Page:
Making Lemonade Out of Love
by Lori Heine
There is an old saying that “When life gives us lemons, we can always make lemonade.” I have learned the truth of this saying many times in my life. Sometimes in quite wonderful and unexpected ways.
Buster and Punkin, brothers and litter-mates, were two of my closest companions for nearly two decades. In the Gospels, Jesus talks about the importance of good soil. These two cat “children” enriched my spiritual soil. Some people claim that animals can’t love. They didn’t know Buster and Punkin.
They were very close in life, living together ever since they were in the womb. Every time I moved to a new home, they moved with me. They outlasted two dogs and half a dozen other cats. Through good times and bad, for nearly two decades they were more constant in their devotion than most of the human beings I have ever known.
This is often the case for gay, lesbian, bisexual and transgender people. We may go through a time – perhaps even a lifetime – of estrangement from our families. Our pets, like our human friends, provide us with the love often otherwise denied us. Weaving together a unique tapestry of partner, accepting family, friends and pets, we can form families that prove more loving and enduring.
Buster passed away of old age, finally, at eighteen. The last night of his life, as if sensing he was near the end, he fell asleep on my lap with Punkin alongside him. Usually they went to their own little bed, but that night, they seemed to want to stay there with me. Because Buster was ill, I simply let them, spending the night in my recliner. We were, indeed, a family – in good times and in bad.
When my father died, I planted a lemon tree in the empty space in the front yard. After his death, I buried Buster under that little tree. Though he’d still been considerably healthier, Punkin pined away for his brother so intensely that he stopped eating, and I couldn’t coax him to take a morsel. His decline came so quickly that he died only twelve days later.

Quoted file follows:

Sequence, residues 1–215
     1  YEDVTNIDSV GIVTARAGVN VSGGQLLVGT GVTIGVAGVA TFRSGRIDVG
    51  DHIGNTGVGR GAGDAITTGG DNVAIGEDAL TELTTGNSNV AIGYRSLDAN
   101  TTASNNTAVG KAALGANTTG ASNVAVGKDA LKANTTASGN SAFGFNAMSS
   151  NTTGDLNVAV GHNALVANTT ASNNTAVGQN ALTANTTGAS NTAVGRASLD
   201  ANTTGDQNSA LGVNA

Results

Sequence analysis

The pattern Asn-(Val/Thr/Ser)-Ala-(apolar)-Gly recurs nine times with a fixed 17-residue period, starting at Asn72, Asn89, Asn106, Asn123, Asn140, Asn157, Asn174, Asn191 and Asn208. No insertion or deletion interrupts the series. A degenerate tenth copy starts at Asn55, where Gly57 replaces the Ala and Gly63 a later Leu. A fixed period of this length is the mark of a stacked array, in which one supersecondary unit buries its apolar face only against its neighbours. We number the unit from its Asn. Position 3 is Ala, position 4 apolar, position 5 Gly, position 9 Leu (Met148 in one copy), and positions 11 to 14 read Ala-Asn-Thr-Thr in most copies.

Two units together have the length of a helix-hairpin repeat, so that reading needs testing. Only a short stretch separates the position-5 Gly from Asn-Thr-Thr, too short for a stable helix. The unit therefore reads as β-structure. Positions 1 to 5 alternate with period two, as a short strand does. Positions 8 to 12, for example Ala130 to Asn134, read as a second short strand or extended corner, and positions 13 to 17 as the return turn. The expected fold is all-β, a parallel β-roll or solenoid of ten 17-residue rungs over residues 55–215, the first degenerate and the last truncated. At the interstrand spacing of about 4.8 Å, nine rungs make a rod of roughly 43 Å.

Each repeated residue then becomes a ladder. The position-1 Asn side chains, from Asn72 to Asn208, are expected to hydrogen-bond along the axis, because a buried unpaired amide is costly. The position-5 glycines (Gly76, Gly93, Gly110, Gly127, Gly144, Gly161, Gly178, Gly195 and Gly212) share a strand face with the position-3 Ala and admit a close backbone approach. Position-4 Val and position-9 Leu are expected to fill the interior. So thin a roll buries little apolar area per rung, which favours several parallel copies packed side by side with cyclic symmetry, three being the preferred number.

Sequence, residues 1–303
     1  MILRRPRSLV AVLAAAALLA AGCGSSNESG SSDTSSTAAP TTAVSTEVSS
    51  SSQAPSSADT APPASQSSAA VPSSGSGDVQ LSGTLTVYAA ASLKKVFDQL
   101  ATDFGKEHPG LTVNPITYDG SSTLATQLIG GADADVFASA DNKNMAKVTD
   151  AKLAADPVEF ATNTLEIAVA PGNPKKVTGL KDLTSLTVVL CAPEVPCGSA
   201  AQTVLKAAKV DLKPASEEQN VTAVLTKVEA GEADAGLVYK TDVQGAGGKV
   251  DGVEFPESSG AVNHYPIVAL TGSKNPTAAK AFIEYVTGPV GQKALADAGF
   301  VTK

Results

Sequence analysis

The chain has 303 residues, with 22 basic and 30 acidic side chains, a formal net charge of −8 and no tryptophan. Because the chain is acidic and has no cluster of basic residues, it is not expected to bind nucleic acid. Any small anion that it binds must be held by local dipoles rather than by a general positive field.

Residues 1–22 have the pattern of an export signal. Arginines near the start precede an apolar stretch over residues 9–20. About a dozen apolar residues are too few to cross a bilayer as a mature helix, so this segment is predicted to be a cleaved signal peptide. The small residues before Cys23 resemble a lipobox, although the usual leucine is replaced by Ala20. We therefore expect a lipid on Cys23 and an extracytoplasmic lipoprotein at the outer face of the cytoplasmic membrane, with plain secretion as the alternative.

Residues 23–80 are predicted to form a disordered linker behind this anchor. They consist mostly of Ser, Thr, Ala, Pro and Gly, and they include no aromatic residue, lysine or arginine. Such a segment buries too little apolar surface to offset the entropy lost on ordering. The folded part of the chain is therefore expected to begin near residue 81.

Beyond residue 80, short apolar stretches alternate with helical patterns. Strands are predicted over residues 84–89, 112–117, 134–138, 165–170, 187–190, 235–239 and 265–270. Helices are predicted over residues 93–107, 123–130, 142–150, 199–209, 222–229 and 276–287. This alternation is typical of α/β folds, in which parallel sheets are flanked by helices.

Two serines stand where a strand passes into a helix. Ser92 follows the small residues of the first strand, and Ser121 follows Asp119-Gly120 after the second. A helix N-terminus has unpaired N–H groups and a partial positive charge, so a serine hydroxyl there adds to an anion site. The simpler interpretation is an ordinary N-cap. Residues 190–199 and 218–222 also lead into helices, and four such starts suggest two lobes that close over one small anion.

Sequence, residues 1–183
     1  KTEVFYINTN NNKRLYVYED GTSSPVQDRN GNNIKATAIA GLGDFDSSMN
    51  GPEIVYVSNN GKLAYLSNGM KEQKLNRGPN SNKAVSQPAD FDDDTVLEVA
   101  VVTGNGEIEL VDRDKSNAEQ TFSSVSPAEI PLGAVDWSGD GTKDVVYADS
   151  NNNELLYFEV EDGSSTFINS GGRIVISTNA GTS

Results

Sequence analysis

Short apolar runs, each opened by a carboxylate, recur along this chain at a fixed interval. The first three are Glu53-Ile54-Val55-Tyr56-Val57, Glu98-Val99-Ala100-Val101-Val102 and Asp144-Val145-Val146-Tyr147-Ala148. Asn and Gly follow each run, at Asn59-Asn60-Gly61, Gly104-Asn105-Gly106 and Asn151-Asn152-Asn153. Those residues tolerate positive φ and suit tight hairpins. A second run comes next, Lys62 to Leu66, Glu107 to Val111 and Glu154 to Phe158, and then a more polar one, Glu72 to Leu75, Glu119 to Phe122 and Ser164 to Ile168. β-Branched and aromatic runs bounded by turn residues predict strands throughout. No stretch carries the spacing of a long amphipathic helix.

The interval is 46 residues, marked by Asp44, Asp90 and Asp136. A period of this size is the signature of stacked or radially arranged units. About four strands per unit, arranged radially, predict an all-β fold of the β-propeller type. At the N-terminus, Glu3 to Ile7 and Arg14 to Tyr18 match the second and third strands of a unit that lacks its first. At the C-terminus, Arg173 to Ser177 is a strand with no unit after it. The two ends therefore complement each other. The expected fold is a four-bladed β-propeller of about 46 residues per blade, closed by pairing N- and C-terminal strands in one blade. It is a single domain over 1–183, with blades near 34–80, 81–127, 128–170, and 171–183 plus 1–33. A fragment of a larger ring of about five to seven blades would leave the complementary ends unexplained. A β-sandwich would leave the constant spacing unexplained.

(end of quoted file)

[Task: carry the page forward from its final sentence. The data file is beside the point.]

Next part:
I buried Punkin right beside Buster. I thought it was fitting that as they’d been so close in life, they should stay close in death. Until that time, that young tree had produced only two or three lemons every year. Every year since, I’ve had an explosion of robust lemons. Would the decomposing bodies of two cats be expected to make that big of a difference? Or has God been trying to tell me something more?
Jesus welcomed family wherever He found it. All who loved and followed Him, He welcomed as brother, sister, mother and father to Him. My lemon tree, I intended as a posthumous gift to my dad, from whom I’d been estranged, but with whom I reconciled in his final illness. I never gave up on Jesus, and He never gave up on me. During that painful period when I was alienated from my family, God provided a consolation in my friends, both human and non-human.
Reconciliation, new love, fresh opportunities for friendship, are all possible if we will but believe. God is faithful, even when people aren’t – and so are our pets. Again this winter, as I harvest another abundant crop of lemons from my tree, I celebrate this tangible (and tasty) reminder that in my life, I have never really been alone. And, putting those lemons to good use, I make lemonade out of love.
© 2014 Lori Heine
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